Inspirational Keynote Speaker

Best-selling Author,
“Mourning Has Broken”

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Now that I’ve stepped away from Toronto radio, I am even more grateful for this connection to you. Thank you so much for coming by.

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November 26, 2020Thursday, November 26, 2020

Just a thought… Our most basic instinct is not for survival, but for family. [Paul Pearsall]

Huh. And so here we are again: many of us self-quarantining (except for the tiniest family bubble) and trying to close the door gently and step back into a life of care, caution and compassion. Our hearts are with our neighbours south of the border, those hundreds of thousands of families with an empty chair at a smaller Thanksgiving table this year; the millions more who are paring down their celebrations as per the guidelines and advice of those in the know.

Right now, US Thanksgiving 2020 is shaping up to have the potential to become a super-spreader event. Yesterday, flight patterns showed more planes in the skies over the continental US than on the day before Thanksgiving in 2018 and only slightly behind last year’s activity. It’s like an awful lot of people either don’t know that there’s a pandemic, or are willing to take their chances. (And how many stories are there about travellers refusing to wear masks on the plane, I wonder? The poor flight crews.)

Such is the pull of family, of tradition, of the need for humans to gather and celebrate and rekindle the hearth and heart fires after such a difficult year. But how is it human nature to turn our backs on danger? I can’t speak to that.

The “lizard” amygdala part of the brain that I learned about in addiction counselling tells of a fight, flight or freeze mentality, but there’s nothing I could find in our need to survive that tells us to turn our backs on a killer – unless, of course, it’s to run. I wish I could understand the logic of what’s happening, but I do comprehend the emotion of it. I mean, who isn’t dreading not being with family next month?

It’s empathy. We feel for them. We know this is a holiday that for many is bigger than Christmas in terms of gatherings, as more people have (or take) more time off with the four days over Thanksgiving than at Christmas time, when Boxing Day – a month today – is not a statutory holiday (as it is here).

This week I had a chance to talk with David Coletto of Abacus Data, as part of an upcoming CREA Real Time podcast, in which we look back at 2020 and ahead to 2021. And he pointed out to me that while Canada was supposedly built on the tenets of peace, order and good government, the US has always been about “life, liberty and the pursuit of happiness.”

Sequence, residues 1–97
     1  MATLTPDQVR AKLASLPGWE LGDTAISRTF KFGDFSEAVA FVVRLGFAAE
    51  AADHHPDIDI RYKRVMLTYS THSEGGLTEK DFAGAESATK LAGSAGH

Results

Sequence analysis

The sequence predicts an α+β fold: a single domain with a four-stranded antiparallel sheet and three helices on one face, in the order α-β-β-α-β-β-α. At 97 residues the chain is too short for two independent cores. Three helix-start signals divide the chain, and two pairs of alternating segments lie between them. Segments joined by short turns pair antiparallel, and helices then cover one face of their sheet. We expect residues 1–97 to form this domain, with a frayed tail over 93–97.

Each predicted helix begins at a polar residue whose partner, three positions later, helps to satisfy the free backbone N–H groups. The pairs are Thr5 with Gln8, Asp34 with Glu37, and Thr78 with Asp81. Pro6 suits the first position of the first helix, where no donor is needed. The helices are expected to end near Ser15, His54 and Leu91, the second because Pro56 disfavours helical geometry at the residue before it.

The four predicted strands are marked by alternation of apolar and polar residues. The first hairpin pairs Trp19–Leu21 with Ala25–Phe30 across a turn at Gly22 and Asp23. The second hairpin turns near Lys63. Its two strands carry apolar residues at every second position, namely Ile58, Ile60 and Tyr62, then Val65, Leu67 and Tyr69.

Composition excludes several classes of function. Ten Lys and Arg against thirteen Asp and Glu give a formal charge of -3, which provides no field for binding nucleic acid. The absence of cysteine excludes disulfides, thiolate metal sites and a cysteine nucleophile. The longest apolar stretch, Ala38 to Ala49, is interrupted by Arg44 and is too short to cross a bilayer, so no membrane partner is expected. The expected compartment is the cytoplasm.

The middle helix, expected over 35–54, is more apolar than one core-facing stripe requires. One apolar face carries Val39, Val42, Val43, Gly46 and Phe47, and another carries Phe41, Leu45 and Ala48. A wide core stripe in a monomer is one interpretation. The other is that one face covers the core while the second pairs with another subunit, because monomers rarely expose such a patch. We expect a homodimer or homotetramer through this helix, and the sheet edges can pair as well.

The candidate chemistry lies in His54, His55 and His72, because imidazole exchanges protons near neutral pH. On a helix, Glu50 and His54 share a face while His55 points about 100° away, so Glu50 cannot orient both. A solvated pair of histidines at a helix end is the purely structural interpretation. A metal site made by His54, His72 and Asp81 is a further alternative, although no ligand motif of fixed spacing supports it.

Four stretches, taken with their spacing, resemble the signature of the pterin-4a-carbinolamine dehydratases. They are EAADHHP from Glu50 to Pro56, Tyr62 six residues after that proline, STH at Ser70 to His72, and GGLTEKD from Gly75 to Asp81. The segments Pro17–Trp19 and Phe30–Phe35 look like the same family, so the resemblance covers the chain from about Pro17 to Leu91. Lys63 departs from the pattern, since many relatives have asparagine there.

I get that. But what if that liberty in their pursuits of happiness is actually causing death to others, themselves and/or their loved ones? Where does that come into the equation? It’s beyond me. The ICUs in several US cities are filled to capacity; the death tolls keep rising and yesterday’s case count in the US was its highest in one day since back in the spring.

Canada has its problems and we’re not in the clear – not by a long shot: our heretofore healthy and smug Vancouver Island now has the highest per capita new case rate in all of BC. But to hear President Obama name-check our country in an interview the other night in terms of how a pandemic could/should be handled, it made me thankful. We’ve got a long way to go before we’ve got this thing under control and we can safely gather for our own big celebrations again; right now in many parts of our country most of us are trying to obey rules and adhere to guidelines in an effort to save Christmas.

Will it work? We can hope. There’s still a tsunami of misinformation and deceptive news being circulated online in attempts to thwart the efforts of actual experts to keep us safe, healthy and alive. I mean, why believe actual scientists when you can listen to crackpot theories about the vaccines, the efficacy of masks, etc.?

It all becomes an awful lot to take if you stop and think about it for too long. But when the big picture becomes overwhelming, what do we do? The best we can, one day at a time.

Stay safe, stay sane and stay healthy. And to friends from the US who are here today, I wish you a Thanksgiving that includes gratitude for your good health, memories of gatherings past and hopes for celebrations – joyful, bountiful and boisterous – in years to come.

I’ll be back here Monday.

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